Sunday, February 25 , 2018, 1:35 pm | Fair 61º

 
 
 
 
Advice

Club Versus School Sports: A Burnout-Inducing Showdown

When my seventh-grade students presented me with a custom T-shirt they had made on shirts.com, I have to admit I was a bit frightened.

I have been coaching for over two decades at Santa Barbara Middle School, and I have been regularly ranting on about my frustrations with club sports and their steadily rising negative impacts on the teams, but I never expected to be confronted with my opinions in writing.  

There they were: my own personal views immortalized in ink and cotton for the world to see — if I could be bold enough to wear it.  

Up until I began conducting my research for this paper, my views came from my own experiences — interactions with my athletes and their parents and observations of students between the ages of 11–15 who were truly stressed out from having to choose between their school team and a club team.  

Through the years, I began to observe that the source of their stress was not coming just from practical aspects like finding time for schoolwork, travel-time or long, physically rigorous hours of practice. To me, the true source of their stress seemed to be coming from the pressure to choose.  

Even though playing in club sports can help young athletes specialize and excel in their sport of choice, that decision has had negative impacts on school athletic programs and young athletes who experience fatigue and burnout, over-use injuries and a “race to nowhere” mentality.  

Over the past two decades, as club sports have risen in popularity across the country, a steadily growing number players are faced with deciding whether chose between their club team and their school team (Burke, Cavanaugh, Sharma, Trageser, 2012).  

This is not a new phenomena, as extra-curricular activities have always had a role in the enrichment of our kids' lives, and there is no arguing that there are inherent benefits that are derived from participating in club sports.

What is new is a growing perception that these activities, specifically in the club sports arena, are critical to advanced achievement and success in high school, college and beyond.  

While there is no denying that club sports do offer athletes a chance to specialize in the sport of their choice, which increases and often expedites development of skills and prowess, many experts agree that that quest has come at significant costs to young athletes and their schools.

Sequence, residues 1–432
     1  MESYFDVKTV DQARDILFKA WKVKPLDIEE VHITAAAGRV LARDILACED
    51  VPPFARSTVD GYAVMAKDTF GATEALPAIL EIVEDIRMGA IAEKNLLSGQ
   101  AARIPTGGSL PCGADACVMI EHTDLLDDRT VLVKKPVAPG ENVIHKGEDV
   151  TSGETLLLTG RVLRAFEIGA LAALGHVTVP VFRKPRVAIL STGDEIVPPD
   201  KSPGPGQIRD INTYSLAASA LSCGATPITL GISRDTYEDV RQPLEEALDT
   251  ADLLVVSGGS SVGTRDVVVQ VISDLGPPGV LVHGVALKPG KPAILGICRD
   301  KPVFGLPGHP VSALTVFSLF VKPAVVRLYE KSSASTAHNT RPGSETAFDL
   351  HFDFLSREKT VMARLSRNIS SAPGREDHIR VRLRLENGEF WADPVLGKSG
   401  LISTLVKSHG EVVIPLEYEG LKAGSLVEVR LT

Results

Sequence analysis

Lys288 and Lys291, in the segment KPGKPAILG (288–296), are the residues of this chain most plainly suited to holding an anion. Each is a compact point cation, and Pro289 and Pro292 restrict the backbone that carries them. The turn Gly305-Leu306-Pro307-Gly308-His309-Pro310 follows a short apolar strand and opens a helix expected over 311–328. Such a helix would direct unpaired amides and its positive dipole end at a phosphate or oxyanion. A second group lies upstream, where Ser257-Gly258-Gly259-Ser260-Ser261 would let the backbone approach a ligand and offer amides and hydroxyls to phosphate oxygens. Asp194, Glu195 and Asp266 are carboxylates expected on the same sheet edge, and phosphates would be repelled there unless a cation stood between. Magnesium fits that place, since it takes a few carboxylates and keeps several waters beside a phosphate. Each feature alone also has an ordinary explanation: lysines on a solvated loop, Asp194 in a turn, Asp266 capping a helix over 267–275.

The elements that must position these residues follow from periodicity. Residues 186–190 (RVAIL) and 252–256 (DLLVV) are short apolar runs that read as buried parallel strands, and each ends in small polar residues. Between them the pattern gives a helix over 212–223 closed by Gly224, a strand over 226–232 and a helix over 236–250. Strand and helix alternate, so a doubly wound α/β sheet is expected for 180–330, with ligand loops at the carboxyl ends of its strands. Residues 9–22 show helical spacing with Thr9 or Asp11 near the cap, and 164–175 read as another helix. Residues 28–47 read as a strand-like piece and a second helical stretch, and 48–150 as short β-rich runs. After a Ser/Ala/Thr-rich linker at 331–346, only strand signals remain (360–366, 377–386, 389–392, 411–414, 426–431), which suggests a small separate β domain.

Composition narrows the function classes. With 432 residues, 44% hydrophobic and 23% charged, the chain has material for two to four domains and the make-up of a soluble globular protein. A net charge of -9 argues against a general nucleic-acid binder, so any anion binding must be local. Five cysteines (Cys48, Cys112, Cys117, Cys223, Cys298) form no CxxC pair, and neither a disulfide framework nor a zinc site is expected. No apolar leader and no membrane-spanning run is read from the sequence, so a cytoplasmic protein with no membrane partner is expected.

According to the Director of "Changing The Game Project”, John O'Sullivan, and as evidenced in movies such as "The Race to Nowhere," our kids are all too often engaged in "...an adult driven, hyper-competitive race to the top in both academics and athletics that serves the needs of the adults, but rarely the kids." (O'Sullivan, 2009).

This narrative in the USA is not new. As a result of the growing acceptance of this narrative as unhealthy, many parents are working hard to reinvigorate the notions that childhood is a time of critical development in all aspects of the mind, spirit and body, and that an unbalanced emphasis to develop any one aspect is just that...unbalanced.

While parents perceive that they are helping their children develop a passion for sports, they could be setting the stage for the exact opposite. Youth athletes experience burnout at a much higher rate when they are pushed to emphasize intensely on one sport (O'Sullivan, 2009).  

According to a study conducted by the University of Florida, long-term athletic-development best practices research shows that delaying specialization into the early teenage years plays a major part in both decreasing chances of burnout and injury and promoting long term enjoyment of the sport (Sagas, 2013).  

Only a very small percentage of athletes go on to specialize in their sports in the long term and enjoy success doing so. It should be our goal as a country to help our kids delay the picking of one specialty sport so they have a better chance to develop a long-term appreciation  for and a long-term reaping of the benefits that come from playing in competitive sports programs.

Last season, my girls soccer team played their hearts out in the finals and became the league champions. This win was a particularly satisfying victory for me as their coach because my journey during the season also included numerous practices and key games that were played short-handed because certain players cited other commitments to their club teams.  

Time after time, these players would come to me and say, "If I miss club practice my coach will bench me in the next game," or "My coach won't start me in the tournament."

If one reads between the lines here, one can see the dilemma these kids face having to choose between their school and their club and the pressure that puts on these 11 year old girls.  

This type of situation is part of a trend I have seen grow over the past 20 years. As a school coach and a product of public school athletics, I have to wonder how club coaches and their programs have surpassed school athletics in terms of their importance to young athletes and where those athletes should award their allegiances.  

According to the NCAA website, only about 2 percent of all high school athletes are awarded some sort of athletic scholarship to compete in college.  

An equally small percentage, 6 percent, of athletes will actually transition from high school sports to the NCAA and only 2 percent of those athletes will move on to compete in professional sports (NCAA, 2014).  

With the odds so low of our athletes actually seeing some sort of financial gain, whether it be college financial aid or a professional salary, somehow the notion that starting on the "club sport track" has crept into the minds of many American families as a sign of good parenting.  

Santa Barbara Middle School is unique. We are the only stand-alone, independent middle school in our state with 155 students total for grades 6–9 that mainly come from the public system and then return after graduation.  

Students and families do not come to us for one particular specialty like sports or academics, but rather they seek us because we have a well-rounded and revered curriculum that includes a nationally renowned outdoor or experiential education program.